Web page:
What Makes a Radical and Revolutionary Technology?

Former US Chief Data Scientist

February 13, 2018

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Dr. Dhanurjay “DJ” Patil shared how much good can be accomplished with an understanding of data science and sharing information at Tuesday’s BYU Forum. He shared many examples of how analyzing databases helped people, communities and the nation.

Patil emphasized the incredible advances in technology that have happened in just the last decade. Technology brought us instant, real-time, on-demand, one-day shipping and more. Students can still remember growing up with paper maps, cord phones and not being able to DVR a favorite television show.

“We have seen a technology revolution take place in our lifetime … in literally just a decade!” Patil said.

Patil argued that data is behind the revolution. When he was the U.S. Chief Data Scientist, the mission statement included the charge “to responsibly unleash the power of data to benefit all Americans.”

Patil focused on what responsibility to all Americans looks like, because this technology revolution is not happening for everyone.

“A technology is neither radical nor revolutionary unless it benefits everyone,” said Patil.

The way technology can help everyone is to have data and databases shared, in a secure way, so people can learn from their own and other’s processes.

Data is used to look at what is actually happening, who is actually involved, and then applied in the most efficient way to help others and improve lives, Patil said.

There are 11.4 million Americans who cycle through about 3,100 jails and stay an average of 23 days. The technology revolution is not helping these people nationwide, yet.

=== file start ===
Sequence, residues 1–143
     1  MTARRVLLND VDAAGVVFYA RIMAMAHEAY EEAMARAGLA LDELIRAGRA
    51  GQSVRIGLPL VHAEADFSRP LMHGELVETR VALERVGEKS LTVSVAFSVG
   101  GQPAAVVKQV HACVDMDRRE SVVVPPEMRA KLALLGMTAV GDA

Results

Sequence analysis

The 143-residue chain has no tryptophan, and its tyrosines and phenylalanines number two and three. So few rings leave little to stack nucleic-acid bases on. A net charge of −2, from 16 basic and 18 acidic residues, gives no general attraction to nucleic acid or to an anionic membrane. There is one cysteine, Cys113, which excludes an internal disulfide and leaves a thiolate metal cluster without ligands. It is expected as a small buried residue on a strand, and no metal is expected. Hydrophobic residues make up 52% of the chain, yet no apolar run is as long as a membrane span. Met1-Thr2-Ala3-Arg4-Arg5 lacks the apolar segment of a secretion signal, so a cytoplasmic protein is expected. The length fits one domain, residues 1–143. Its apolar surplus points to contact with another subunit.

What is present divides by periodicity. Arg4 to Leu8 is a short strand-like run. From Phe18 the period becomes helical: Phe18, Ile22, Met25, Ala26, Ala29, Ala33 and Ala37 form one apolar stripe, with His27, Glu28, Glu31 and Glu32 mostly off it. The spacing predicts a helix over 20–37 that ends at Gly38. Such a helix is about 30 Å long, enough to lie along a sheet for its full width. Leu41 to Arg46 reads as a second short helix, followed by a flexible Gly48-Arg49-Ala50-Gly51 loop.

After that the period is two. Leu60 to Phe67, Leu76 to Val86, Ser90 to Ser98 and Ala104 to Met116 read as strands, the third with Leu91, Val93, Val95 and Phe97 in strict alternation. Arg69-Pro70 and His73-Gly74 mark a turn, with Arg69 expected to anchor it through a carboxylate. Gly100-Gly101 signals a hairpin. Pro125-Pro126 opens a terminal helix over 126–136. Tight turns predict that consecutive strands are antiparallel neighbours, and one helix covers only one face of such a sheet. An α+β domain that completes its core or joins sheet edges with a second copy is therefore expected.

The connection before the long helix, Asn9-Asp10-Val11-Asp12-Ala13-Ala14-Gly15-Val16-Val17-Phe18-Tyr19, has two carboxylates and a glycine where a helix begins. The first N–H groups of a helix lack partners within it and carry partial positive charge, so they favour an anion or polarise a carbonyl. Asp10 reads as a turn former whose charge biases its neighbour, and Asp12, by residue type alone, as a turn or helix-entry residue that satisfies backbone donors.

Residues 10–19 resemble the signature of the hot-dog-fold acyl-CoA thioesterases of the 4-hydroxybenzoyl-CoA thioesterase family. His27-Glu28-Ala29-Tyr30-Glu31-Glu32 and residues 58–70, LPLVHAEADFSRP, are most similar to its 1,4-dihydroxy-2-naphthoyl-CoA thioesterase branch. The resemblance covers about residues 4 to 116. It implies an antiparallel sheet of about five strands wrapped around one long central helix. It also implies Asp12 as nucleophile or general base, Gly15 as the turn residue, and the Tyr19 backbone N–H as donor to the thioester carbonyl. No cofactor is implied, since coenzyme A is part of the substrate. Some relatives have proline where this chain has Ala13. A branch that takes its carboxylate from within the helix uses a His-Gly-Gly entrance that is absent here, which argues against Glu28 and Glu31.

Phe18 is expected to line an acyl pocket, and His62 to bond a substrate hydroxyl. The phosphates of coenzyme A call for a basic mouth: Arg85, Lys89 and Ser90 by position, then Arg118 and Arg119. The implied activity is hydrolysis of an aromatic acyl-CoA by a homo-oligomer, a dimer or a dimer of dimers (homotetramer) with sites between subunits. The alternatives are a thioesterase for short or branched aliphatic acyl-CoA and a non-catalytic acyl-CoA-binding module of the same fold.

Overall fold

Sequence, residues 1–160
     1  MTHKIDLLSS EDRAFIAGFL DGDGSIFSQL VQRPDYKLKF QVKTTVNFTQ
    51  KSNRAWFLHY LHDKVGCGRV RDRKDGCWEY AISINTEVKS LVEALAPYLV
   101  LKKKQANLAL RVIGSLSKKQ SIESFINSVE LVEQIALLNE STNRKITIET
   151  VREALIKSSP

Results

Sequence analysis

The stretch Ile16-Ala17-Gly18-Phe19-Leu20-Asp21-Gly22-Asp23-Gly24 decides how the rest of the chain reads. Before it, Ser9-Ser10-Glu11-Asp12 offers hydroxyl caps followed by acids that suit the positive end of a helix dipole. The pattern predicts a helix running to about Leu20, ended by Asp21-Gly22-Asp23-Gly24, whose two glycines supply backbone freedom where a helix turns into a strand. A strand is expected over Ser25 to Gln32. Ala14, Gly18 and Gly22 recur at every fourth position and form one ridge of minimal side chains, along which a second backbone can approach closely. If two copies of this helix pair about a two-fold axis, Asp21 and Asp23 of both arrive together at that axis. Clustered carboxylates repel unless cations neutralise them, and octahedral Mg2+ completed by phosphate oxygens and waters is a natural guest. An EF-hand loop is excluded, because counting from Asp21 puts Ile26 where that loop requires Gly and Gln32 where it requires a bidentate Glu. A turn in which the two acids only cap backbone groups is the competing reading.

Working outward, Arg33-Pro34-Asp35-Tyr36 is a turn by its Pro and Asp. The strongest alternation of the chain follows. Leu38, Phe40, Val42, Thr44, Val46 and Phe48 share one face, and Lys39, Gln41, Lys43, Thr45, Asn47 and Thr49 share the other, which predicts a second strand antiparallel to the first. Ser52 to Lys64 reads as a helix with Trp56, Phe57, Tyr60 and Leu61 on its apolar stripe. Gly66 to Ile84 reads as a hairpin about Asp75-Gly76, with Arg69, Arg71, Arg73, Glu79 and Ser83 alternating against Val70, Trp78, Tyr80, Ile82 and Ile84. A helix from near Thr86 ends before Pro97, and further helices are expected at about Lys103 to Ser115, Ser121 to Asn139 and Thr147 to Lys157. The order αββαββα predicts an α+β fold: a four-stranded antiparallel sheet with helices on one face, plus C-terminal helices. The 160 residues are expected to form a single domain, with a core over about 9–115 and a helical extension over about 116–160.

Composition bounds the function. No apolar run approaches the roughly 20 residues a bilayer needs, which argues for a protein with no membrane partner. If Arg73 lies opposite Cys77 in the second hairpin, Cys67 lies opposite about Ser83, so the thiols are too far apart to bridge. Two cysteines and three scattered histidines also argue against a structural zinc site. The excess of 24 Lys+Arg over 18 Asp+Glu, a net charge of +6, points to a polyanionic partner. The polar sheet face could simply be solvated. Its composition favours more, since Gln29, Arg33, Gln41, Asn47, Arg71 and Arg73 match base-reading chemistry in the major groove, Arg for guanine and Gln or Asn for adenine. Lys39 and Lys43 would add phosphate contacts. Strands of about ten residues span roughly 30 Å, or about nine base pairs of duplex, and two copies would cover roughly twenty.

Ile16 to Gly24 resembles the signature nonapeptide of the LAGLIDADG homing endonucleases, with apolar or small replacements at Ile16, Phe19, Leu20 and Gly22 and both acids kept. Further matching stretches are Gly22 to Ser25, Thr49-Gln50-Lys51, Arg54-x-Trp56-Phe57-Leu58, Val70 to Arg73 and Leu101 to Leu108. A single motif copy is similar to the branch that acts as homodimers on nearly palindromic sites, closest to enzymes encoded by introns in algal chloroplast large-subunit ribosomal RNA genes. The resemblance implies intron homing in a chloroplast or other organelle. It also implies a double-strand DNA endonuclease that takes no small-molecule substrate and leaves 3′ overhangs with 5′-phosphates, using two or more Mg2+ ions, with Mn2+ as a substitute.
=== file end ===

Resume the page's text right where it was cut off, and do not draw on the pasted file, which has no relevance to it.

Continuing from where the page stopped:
Patil suggested the police force could have access to a database that is securely shared with local healthcare facilities. Then, when an officer arrests someone, she or he could check the database for the best place for that individual. If the arrested person has been cycling through jail, the database would reveal that and the person could be taken to a rehab facility or mental health institution instead.

Patil said an area in Florida recently implemented a similar system. The result? Two jails were closed.

“We have to make tech work for us, not against us,” said Patil.

Another situation data-sharing could be implemented in is medicine. Patil said the problem is that the main database is fractured across thousands of databases. The solution has probably been found, but the data needs to be compiled and shared in order to recognize it.

“When we empower people with data, we find that they do amazing things,” said Patil.

Patil told several stories about people with medical problems who discovered the benefits of dating sharing and collaborated with others to find answers and sole problems. People are mapping the cracks and declines in sidewalks for people in wheelchairs, finding other families with similar diseases, and looking for cures to cancer.

Patil emphasized that he only told stories of people being helped, because that’s what data science and technology is for.

“No matter how much technology and data we use, it’s about people first,” said Patil.

He introduced three core principles for utilizing this technology revolution:

  1. People are more important than data.
  2. Data is a force multiplier.
  3. The time to engage is now.

Here’s how to make a radical tech revolution happen:

  • “Dream in years, plan in months, evaluate in weeks, but always ship daily.” Be proactive and productive every single day.
  • “Prototype for 1x, but build for 10x, and engineer for 100x.” Make the problems you are solving reach more people.
  • Ask: “What’s required to cut the time in half? What’s required to double the impact?” Make your efforts really count.

“When we ask these questions we see radical transformation in the ideas that take place,” said Patil. “All of it is wide open for all of you to take action and find solutions.”

(Summary taken from news.byu.edu)